Women in Classical Greece Essay - Copied

HideShow resource information

In Classical Greece, young girls usually grew up in the care of a nurse (25.78.26) and spent most of their time in the gynaikon, the women's quarters of the house located on an upper floor. The gynaikon was where mothers nursed their children and engaged in spinning thread and weaving (31.11.10). In addition to childbearing, the weaving of fabric and managing the household were the principal responsibilities of a Greek woman. Young women, however, had some mobility in antiquity. For example, retrieving water from the local fountain house was considered not only a woman's task, but it also offered a woman the opportunity to socialize with other women outside of the house. It was also the responsibility of women to visit the tombs of family members. Typically, they brought offerings and tied sashes around the grave stelai, a custom that is well attested on a number of white-ground Greek lekythoi. Women could attend public speeches and visit certain sanctuaries, such as those of Artemis at Brauron and the Sanctuary of the Nymph at the foot of the Akropolis. However, during any occasion outside of the house, a young woman was expected to be inconspicuous and to be covered around the head to obscure most of her face and neck.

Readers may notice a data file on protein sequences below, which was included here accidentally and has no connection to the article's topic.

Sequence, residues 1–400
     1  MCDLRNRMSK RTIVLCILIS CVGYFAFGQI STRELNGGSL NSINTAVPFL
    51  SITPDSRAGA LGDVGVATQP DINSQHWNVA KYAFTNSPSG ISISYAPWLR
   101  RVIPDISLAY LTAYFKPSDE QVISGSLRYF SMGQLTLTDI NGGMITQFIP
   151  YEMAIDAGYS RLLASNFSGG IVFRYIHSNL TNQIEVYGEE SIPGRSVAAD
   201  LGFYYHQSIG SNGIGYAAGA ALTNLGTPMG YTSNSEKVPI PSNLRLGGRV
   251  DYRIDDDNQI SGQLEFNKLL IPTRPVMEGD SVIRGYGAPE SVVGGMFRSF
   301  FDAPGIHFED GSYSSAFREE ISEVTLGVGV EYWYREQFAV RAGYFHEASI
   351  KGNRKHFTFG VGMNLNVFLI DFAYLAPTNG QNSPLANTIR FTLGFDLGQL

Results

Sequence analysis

Source: Women in Classical Greece | Thematic Essay | Heilbrunn Timeline of Art History | The Metropolitan Museum of Art
Women of various ages also took part in specific religious festivals, some of which even included men—the Panathenaia in honor of the goddess Athena, the Eleusinian Mysteries…


No comments have yet been made

Similar Classical Civilization resources:

See all Classical Civilization resources »See all resources »